From a captain to a debutant, nerves all round
Andrew Strauss chuckled on the eve of the Test when asked the inevitable question about Steve Harmison's Gabba shocker back here in 2006. "I don't think it's overly helpful to mention that first ball four years ago," he said, although the issue was less the fact that Harmison missed the cut strip with that infamous delivery, but rather what it said about the nerves that take hold at the start of such a massive series. And as it turned out, even a player as phlegmatic as Strauss couldn't keep on top of his emotions - or the ball - as the series started with its now-inevitable bang. The first two balls were negotiated safely enough, but the third was shorter and straighter, and climbed off the deck as Strauss sized up the cut. Mike Hussey at gully didn't twitch a muscle as the ball thudded into his palms, and suddenly the serenity of England's start to the tour had been obliterated.
Slipping through the spinner's fingers
Xavier Doherty's introduction to Test cricket was going pretty well in the circumstances. His first delivery, in the 21st over, gripped on a good length and turned back in to Alastair Cook, who left it watchfully outside off stump, and within three balls he was jousting with Kevin Pietersen, the man whose fallibility against left-arm spin is one of the major reasons why Doherty had been preferred ahead of the offie Nathan Hauritz. Though Pietersen came after him right from the start, the rookie was holding his own ... but one ball after completing his second over, he was jolted out of his comfort zone. Cook, on 26, squirted a cut off Watson towards point, but Doherty's leap was fractionally mistimed. He got both hands to the offering, but nothing more, and a priceless breakthrough went begging. Ricky Ponting, to his credit, rushed up to give his young charge a quick pep-talk, before striding purposefully back to business.
Peter Siddle was a surprise choice for this Test match, given how effective Doug Bollinger had been for Australia throughout the past year. But when push came to shove, Ponting preferred to back the wholehearted aggression of a man whose endeavours had fallen short in England during last summer's 2-1 defeat. So in came Siddle for his first Test since January, and what an impact he made. Bowling wicket to wicket, he found enough movement to end an ominous innings from Kevin Pietersen, then did the same to Cook as his failing outside off undermined a priceless innings. After that it all happened too quickly for England. Matt Prior's loose waft found nothing but thin air, and with a raucous Gabba baying for blood, Stuart Broad was clearly unready as he rushed belatedly to the crease and tried to find his composure. Siddle, however, marked his 26th birthday with a perfect first-ball yorker, and a futile use of the referral couldn't deny him his hat-trick.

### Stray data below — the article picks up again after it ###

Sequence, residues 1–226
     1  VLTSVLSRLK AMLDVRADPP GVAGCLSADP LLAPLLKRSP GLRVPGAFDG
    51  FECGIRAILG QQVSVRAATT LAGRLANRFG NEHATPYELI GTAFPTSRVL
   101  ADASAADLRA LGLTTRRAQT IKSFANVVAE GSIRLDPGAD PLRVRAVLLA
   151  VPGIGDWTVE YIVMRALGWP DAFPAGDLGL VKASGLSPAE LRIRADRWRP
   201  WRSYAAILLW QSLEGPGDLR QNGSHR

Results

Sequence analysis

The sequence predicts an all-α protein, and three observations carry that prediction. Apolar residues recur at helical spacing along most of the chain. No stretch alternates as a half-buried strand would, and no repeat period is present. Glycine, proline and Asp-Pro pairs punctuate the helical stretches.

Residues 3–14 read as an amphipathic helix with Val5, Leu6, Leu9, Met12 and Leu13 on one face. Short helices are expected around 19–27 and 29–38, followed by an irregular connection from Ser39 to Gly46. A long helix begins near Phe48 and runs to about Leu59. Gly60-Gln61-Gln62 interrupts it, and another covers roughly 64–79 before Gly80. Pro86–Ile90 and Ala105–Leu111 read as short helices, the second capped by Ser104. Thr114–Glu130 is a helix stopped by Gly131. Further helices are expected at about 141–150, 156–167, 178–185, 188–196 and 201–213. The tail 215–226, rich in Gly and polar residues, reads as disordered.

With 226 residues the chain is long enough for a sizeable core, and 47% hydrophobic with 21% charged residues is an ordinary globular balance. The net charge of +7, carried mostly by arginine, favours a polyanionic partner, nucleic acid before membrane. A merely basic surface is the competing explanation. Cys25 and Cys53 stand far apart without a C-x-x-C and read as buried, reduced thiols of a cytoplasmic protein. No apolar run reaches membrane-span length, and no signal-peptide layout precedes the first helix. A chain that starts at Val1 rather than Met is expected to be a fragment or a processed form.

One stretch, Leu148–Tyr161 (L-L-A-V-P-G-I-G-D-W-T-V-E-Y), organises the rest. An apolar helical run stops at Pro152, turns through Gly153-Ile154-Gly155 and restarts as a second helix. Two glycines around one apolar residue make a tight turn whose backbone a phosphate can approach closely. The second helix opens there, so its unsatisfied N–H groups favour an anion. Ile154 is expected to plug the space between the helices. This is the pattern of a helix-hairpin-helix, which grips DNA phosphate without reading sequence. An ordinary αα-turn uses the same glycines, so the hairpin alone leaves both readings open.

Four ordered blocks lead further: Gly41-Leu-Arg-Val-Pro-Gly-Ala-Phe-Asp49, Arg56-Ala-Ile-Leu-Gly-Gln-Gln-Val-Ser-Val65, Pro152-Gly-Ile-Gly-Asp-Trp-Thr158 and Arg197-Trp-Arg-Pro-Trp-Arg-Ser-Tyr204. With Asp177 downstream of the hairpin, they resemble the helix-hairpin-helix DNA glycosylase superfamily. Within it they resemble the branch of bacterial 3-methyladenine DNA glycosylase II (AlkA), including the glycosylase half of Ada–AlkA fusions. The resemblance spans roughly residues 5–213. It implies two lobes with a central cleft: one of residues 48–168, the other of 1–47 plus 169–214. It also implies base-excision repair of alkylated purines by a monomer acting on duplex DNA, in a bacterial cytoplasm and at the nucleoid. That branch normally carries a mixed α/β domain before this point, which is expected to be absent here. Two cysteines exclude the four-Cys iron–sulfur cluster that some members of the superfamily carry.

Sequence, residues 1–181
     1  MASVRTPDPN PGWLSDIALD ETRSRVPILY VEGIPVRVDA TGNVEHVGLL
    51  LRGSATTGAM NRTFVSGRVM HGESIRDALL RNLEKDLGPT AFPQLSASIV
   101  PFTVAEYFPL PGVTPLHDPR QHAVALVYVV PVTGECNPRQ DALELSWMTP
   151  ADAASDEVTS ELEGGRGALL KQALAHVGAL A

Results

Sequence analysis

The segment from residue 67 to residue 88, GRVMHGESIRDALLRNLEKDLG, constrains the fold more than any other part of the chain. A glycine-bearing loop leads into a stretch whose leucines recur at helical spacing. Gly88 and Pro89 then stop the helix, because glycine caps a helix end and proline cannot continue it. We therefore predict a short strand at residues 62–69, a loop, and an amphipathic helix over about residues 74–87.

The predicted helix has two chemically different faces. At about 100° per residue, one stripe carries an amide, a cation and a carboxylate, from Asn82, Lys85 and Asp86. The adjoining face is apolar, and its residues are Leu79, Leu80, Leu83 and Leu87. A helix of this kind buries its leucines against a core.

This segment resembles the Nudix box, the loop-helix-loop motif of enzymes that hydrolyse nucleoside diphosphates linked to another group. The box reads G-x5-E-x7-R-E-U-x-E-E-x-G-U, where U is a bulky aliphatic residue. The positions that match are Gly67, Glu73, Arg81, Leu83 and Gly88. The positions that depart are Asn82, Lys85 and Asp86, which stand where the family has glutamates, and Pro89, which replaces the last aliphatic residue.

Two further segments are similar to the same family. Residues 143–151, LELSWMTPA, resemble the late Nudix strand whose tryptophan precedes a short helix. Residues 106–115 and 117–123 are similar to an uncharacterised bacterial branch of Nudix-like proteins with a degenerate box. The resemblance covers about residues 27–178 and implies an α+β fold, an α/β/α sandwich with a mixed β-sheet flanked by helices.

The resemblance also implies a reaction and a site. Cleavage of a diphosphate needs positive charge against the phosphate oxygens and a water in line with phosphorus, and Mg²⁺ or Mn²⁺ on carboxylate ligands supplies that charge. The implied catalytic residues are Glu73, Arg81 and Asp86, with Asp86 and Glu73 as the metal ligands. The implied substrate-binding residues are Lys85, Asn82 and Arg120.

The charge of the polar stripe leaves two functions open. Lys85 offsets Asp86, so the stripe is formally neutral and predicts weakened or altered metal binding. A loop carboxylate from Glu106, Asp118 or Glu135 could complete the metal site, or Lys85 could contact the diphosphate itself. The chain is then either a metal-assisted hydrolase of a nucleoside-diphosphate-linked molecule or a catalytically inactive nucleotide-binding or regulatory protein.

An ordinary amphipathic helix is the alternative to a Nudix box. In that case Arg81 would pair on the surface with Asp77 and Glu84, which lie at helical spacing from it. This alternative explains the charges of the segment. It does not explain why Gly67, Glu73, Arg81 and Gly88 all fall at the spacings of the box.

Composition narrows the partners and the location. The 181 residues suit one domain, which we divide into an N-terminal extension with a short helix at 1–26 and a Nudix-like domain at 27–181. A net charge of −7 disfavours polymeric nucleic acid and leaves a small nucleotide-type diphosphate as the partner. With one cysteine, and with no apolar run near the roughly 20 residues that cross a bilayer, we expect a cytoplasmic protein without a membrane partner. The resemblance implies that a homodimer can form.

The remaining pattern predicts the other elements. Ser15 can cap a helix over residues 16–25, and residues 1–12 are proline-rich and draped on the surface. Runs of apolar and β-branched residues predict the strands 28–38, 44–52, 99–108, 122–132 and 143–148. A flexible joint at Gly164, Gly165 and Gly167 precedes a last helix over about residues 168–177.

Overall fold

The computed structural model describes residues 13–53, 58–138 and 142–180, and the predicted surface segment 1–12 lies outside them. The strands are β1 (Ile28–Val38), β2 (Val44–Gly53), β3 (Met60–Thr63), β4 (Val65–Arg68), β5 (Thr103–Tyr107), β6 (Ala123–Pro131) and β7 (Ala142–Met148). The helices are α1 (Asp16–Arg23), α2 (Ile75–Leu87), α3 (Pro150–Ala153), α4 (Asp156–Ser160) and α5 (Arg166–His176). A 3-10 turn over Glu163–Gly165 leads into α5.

Swinging on to the straight and narrow
Shane Watson's first over was the ultimate mixed bag. His first delivery was swinging on to the pads, and Jonathan Trott helped it effortlessly through the leg-side for four; the second was a rank wide as Watto tried to readjust his line but over-compensated badly, and two further powder-puffs underlined the impression that he wasn't quite at the races. But then, just like that, he nailed his line and length. The fifth ball zipped off the deck to serve up a warning, before the sixth was simply too good for an uncharacteristically loose Jonathan Trott. Full and fuller, and angling in all the time, it burst through the gate of an unbalanced drive, to set in motion a day of rattled timbers for England.
Don't ask Brad Haddin if you're an Australian considering an umpiring review. Haddin's record in this regard remains unchanged after he backed up Siddle's roaring lbw appeal to Trott in the fourth over. Siddle had angled one in and was fluttering his arms liked an over-enthusiastic dancer at Aleem Dar, who ruled it not out. Ponting conferred with Haddin, who gets the best view, but rarely makes the right decision on reviews. The replay showed the ball was just brushing leg stump, leaving the call with Dar, and Australia were down to one challenge within 20 minutes.
Short-handed by short-leg
Simon Katich didn't do any better when he convinced Ponting to ask for the second referral when he thought Ian Bell had edged behind. Katich was at short-leg, on the other side of Mitchell Johnson's delivery, and was the only one who really believed. The slips cordon offered no initial support - not even Haddin - and Bell soon moved on smoothly from 18.
Sign of the times
There are so many sponsorship boards at the Gabba that there isn't much space free for the witty scribble on a bed sheet. Spectators have to resort mostly to strips of cardboard but even those have to be trimmed when they invade on the corporate space. One home-made sign was raised at the fall of the second wicket: "Just another Kevin to get rid of." Australia's prime minister Kevin Rudd, whose constituency includes the Gabba, was cut down earlier in the year and today Peter Siddle removed Kevin Pietersen on 43. As Pietersen departed the name on the note was replaced by "Cook".
Andrew Miller is UK editor of Cricinfo, Peter English is Australasian editor.